In 1923, the Bishop of Derry, Charles McHugh, noted during Mass the significant expenses the Good Shepherd Sisters incurred ‘in order to establish an industry for the employment of the inmates and to help in maintaining the institution’.

The Good Shepherd Convent built a reputation for hosting musical events with girls from the home performing.

In 1975 Bishop Edward Daly preached at a mass, held in the Good Shepherd Convent, for the Catholic Nurses Guild.

The report says: “Taking up the theme of ‘questionable medical ethics’, the Bishop opined that Catholics needed to take a stance against abortion and sterilisation.”


According to the report, financial records do not suggest that extensive profits were made from the laundries.

However, one file does reveal that an extensive bank balance was amassed in the Derry convent by the early 1970s.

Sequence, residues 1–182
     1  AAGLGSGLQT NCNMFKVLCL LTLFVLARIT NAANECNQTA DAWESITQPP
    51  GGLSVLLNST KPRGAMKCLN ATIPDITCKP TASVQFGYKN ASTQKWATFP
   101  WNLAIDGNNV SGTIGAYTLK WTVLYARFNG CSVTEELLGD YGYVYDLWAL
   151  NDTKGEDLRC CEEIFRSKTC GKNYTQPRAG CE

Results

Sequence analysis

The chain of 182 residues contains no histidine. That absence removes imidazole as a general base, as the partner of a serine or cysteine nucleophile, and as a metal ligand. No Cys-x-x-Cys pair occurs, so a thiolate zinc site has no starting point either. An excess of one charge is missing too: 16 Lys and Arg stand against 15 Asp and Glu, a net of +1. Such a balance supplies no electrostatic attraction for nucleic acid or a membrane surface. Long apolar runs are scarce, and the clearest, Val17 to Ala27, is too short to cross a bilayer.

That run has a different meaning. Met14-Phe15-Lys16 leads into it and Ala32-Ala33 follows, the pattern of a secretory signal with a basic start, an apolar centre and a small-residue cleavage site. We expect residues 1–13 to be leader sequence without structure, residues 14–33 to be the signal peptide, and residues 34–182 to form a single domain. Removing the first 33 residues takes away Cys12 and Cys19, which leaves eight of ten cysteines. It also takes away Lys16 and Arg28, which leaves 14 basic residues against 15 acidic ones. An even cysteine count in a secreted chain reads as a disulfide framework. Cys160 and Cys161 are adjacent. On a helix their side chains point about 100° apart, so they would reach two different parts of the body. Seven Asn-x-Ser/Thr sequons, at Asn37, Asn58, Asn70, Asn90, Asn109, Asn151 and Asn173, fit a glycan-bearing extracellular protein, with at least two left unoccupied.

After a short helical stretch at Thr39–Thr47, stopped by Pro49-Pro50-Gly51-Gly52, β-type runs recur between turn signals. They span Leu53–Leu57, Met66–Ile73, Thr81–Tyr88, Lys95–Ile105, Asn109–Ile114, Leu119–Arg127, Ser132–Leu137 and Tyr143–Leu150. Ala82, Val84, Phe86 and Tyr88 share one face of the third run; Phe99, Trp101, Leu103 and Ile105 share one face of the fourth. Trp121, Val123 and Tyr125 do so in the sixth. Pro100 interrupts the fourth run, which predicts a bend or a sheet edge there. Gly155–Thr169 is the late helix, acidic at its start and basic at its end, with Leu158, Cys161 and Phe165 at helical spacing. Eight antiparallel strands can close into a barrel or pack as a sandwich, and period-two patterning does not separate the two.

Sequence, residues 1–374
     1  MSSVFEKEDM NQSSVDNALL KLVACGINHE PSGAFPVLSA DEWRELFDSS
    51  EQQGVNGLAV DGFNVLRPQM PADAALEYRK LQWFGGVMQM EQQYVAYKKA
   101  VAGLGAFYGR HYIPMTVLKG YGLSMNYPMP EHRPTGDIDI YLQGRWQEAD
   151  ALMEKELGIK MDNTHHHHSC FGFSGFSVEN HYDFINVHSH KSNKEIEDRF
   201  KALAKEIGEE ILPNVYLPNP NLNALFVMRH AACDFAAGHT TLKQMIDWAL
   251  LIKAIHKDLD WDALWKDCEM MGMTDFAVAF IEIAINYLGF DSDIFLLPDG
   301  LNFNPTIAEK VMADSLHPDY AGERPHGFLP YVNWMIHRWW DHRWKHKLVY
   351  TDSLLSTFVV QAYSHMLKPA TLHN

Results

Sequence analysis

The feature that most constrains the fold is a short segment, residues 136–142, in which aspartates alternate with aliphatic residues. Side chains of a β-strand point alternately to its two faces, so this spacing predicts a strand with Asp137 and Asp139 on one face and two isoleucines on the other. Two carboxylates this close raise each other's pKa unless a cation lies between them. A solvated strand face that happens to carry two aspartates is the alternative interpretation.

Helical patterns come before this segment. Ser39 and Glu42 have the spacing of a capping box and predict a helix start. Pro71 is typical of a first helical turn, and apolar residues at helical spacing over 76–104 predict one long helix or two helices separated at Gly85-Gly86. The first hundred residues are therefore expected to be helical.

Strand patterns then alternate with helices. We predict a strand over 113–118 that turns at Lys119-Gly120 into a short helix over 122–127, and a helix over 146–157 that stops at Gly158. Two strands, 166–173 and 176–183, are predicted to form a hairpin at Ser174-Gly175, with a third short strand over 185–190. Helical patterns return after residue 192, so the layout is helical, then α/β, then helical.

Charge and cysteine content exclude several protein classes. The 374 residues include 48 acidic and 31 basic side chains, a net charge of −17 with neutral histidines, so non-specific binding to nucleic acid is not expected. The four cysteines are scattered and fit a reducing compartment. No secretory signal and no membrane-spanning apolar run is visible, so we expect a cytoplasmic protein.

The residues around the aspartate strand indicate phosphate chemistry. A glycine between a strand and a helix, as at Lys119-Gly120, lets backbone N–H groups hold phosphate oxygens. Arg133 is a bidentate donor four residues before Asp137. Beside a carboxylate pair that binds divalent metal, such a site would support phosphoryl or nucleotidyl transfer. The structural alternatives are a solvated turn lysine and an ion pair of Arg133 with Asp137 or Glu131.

During the Second World War, lucrative military contracts resulted in a major increase in profits.

For example in 1942, it generated a total income of £11,437.8s.3d - the equivalent of about £450,000 today.

In September 1942, between sixty and seventy St Mary’s home women and girls worked unpaid in the laundry.

Money was also generated by other means, such as needlework and embroidery.

In 1940, Derry City wore a new team shirt with a crest ‘artistically done by the sisters of the Good Shepherd Convent’.

Following the development of the Welfare State, after 1948, regular payments were also received by St Mary’s Derry for girls placed in the institution by the state.

Files dealing with the finances of the Good Shepherd convents were ‘patchy’, researchers say, but one that offers detail on the financial status of St Mary’s Derry for 1973 reveals it held bank reserves of £41,000 - around £320,000 in today’s values.

It indicates that over £1,000 was earned that year from interest on investments made by the Good Shepherd Sisters in Derry.

The report states that it is not possible to assess whether this money was accumulated over several decades or whether there were particularly rewarding financial periods in which the Good Shepherd Sisters were in a position to build up the Order’s cash reserves.